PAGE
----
The Physics Game: Why I created Gravity and Levity
For those of us who immediately liked physics class in high school, physics was a game. It was like a little logic puzzle where the rules of the game were given to you (usually on a formula sheet) and you were asked to use them cleverly to come up with a solution. A friend of mine once put it succinctly: “Physics is all about finding out which variables you know and which variable you want, and then searching through your formula sheet for an equation that has all of those letters in it.” That, more or less, was the physics game. You rearrange some symbols on a paper and you come up with an answer. Instant gratification.
Those of us who went on to study physics in college almost invariably did so because we liked the game. I personally loved it, and I was good at it. But as I went further into physics, it began to be more than a game. Little by little, all the equations and “rules of the game” started coming together into a coherent perspective on the universe and how it works. A good physics class would leave me with a sense of how some great minds of the past must have looked at the world and its natural laws: Isaac Newton, James Maxwell, Albert Einstein, Erwin Schrodinger, etc. And that was fascinating. These men had some audacious and crazy-sounding ideas. The idea of gravitational attraction, for example, — that every object in the universe pulls on every other object by some mysterious “action at a distance” — is so ridiculous that it took a man with a deep interest in the occult sciences to come up with it. Over years of study my interest in physics gradually but completely shifted from “the game is fun” to “I want to know how to think about what the universe is made of and how it works.”
Unfortunately, I find that most of my fellow students are still interested in playing the game. Our discussions with each other generally center around how to manipulate one equation to produce another, and very rarely do we talk about the big, crazy ideas behind the equations. It goes without saying that this is an endlessly frustrating situation for me. I want to talk about the ideas; I want to talk philosophy. “The physics game” has become a tedious exercise that I always sit through impatiently so that, when we get to the result, I can ask “How do I think about that?”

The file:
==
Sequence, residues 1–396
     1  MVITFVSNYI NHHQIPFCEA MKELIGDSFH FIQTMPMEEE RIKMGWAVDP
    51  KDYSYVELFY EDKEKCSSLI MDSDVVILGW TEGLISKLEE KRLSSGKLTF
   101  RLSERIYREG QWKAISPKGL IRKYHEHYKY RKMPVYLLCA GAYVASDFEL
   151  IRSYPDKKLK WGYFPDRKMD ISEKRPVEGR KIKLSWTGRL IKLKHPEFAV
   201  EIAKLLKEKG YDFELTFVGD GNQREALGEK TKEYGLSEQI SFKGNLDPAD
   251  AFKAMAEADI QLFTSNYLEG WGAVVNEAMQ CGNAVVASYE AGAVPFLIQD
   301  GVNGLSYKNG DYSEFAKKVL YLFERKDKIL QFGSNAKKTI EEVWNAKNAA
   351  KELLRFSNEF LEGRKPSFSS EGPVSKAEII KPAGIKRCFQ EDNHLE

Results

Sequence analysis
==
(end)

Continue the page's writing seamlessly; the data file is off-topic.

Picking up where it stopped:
In physics, every equation is a sentence. Mathematics is just a language: a concise way of writing precise statements that comes along with a complicated grammar. So every equation should be translatable into English to produce an idea. So every important equation in physics must have a corresponding important idea. But the translation process Math English is a difficult one. It’s easy to abandon the English version altogether and just “talk in math.” But without the translation, without the idea in words and the accompanying “picture” of what it means, physics is just a game. And it has become clear to me that I don’t want to spend my life playing a game. If physics is going to be fun for me, and I know it can be, I need to talk about the ideas, the grandiose and ludicrous ideas.
Translating math into words and pictures can be difficult for intellectual reasons, but talking about those words and pictures can be difficult for social reasons. Physics students, for the most part, are eternally insecure. Physics has sort of a cult of intelligence, where we worship the “heroic” figures of the past, pass on mythologies of their other-worldly brainpower, and glorify their acts of intellectual arrogance. It is no surprise, then, that every student is secretly afraid that s/he isn’t really smart enough to do physics as a career, and that if they talk too much they will reveal their secret. So in our conversations we stick to the math and the precise “formalism” left for us by other smart people, and it is only with great hesitancy and trepidation that we attempt to discuss the ideas behind all the math. Almost as a bluff, we act sometimes as if all the equations were self-explanatory, or that writing an equation is of itself a sufficient explanation. It isn’t.
And so I have created Gravity and Levity, a site dedicated not to precise statements of physics but to their interpretation. Upper-level physics is full of crazy and beautiful ideas, and somewhere we need to be talking about them. The anonymity of the internet seems a perfect place. I am no genius, and the things I write here are bound to be flawed on occasion or even misleading. But I will do my best to piece together the “pictures” of great physical ideas I have obtained from reading textbooks and talking to physicists and to post them here. I encourage whatever readership this blog may have to participate with questions, comments, and suggestions, however “crazy” or uncertain they may be. A concise list of what you can expect in this blog is posted under On Gravity and Levity; I hope to update weekly or better.